At the Women’s Health Matter’s 20th birthday Annual General Meeting on 15 September 2011 two inaugural Life Memberships were presented to recognise outstanding service and support that had been given to the Women’s Health Matters over its 20-year history.
The inaugural awards were presented to Dorothy Broom and Sue Andrews, two women who have both given their time, effort, expertise and commitment in a voluntary capacity to Women’s Health Matters and in doing so have enhanced the organisations reputation, as well as contributing significantly to the establishment, operation and the continued future of Women’s Health Matters.
Dorothy has spent over 30 years teaching and researching gender and various aspects of the sociology of health, working as a Professor at the National Centre for Epidemiology and Population Health at the Australian National University. She is an expert in women’s health and women’s health centres and published Damned If We Do: Contradictions in Women’s Health Care, a political history of Australia’s feminist community health centres in 1991.
Following the release of the first National Women’s Health Policy and the allocation of funding to the states and territories, Dorothy took a lead role in the ACT consultations that eventually led to the creation of the Canberra Women’s Health Centre (later to become Women’s Health Matters). She spoke at the opening of the organisation in 1991 about its “revolutionary” nature as the first feminist health service to be funded by the National Women’s Health Policy.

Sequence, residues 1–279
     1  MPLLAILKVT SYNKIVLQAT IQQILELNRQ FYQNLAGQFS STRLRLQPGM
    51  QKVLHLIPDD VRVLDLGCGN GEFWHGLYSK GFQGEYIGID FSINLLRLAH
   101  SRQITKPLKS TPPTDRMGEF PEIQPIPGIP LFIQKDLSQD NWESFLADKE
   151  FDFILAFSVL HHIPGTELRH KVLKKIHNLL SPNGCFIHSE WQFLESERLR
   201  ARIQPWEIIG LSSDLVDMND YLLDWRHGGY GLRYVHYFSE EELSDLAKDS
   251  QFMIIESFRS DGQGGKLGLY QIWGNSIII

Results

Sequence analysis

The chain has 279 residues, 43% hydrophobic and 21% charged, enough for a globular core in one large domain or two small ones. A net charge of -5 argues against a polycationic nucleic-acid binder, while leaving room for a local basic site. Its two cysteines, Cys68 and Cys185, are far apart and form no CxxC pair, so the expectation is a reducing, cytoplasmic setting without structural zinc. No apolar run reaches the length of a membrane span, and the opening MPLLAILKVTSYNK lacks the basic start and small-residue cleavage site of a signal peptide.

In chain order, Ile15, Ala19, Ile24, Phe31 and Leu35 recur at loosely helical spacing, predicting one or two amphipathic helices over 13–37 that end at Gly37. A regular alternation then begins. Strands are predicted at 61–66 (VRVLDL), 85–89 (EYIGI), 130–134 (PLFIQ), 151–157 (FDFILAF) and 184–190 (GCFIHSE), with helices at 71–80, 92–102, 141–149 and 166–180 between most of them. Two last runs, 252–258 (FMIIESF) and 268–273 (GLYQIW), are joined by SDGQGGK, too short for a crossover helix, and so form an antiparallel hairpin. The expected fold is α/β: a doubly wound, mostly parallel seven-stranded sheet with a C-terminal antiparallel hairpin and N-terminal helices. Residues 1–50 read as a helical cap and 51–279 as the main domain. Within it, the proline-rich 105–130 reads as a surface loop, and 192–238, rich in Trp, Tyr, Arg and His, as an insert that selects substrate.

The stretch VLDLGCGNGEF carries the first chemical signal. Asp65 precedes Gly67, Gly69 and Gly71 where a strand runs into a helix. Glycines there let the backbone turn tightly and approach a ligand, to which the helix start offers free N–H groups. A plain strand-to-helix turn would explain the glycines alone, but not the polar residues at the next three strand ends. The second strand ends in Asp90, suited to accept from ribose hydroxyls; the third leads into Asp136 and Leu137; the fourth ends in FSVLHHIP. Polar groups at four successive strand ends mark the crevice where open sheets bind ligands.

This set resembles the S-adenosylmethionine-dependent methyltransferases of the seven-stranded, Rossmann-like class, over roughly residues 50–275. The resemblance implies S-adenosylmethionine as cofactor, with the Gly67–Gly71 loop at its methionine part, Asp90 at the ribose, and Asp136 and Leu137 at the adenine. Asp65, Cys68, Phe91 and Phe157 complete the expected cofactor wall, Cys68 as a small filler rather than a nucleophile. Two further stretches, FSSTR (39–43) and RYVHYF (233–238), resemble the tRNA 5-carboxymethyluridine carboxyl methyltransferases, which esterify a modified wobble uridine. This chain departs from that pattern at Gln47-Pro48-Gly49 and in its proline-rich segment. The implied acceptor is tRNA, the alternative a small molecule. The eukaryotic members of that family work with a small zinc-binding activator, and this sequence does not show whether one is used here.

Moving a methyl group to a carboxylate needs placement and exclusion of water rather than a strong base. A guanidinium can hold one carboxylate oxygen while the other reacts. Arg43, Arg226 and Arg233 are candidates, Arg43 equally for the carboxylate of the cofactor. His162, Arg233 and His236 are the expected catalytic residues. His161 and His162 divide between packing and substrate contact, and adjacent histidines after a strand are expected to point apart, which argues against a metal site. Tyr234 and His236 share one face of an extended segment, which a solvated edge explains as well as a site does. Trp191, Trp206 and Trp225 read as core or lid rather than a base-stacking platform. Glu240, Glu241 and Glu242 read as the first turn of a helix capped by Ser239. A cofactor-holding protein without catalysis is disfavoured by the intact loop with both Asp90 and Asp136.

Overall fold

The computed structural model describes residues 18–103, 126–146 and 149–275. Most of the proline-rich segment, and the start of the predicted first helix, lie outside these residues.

Dorothy also played a pivotal role in the successful defence of a sex discrimination complaint brought against the organisation. She wrote and spoke publicly about the case and was called upon on the Commonwealth’s behalf as an expert witness to give evidence at the hearings.
Sue Andrews has made a significant contribution to the Women’s Health Matters over time. Sue Andrews is a feminist with a passion for women’s health activism and social justice and was instrumental in establishing the Women’s Health Matters. She helped organise the initial community consultations that led to the establishment of what was to be the Canberra Women’s Health Centre. From 1989 to 1990 she was on the interim management committee charged with setting up the organisation and was a member of the Women’s Health Matters first management committee until 1993. Sue helped to organise the organisation’s inaugural public meeting and the official opening in 1991.
Three months after the opening, when a sex discrimination case was lodged against the organisation, Sue invested her time and energy into fighting the case to secure the future of Women’s Health Matters and other women’s services.
Sue has remained a supporter of the Women’s Health Matters for many years and has continued to work on issues related to gender and women’s health. In the early 1990s She worked for Family Planning Australia, and then as the ACT Women’s Health Adviser until 1998. She was Manager of the Women’s Policy Unit in the Chief Minister’s Department until 2001 and authored a number of instrumental reports for the ACT Government, including a Review of Sexual Assault Services in the ACT. Sue went on to complete her PhD in Women’s Studies at the Australian National University.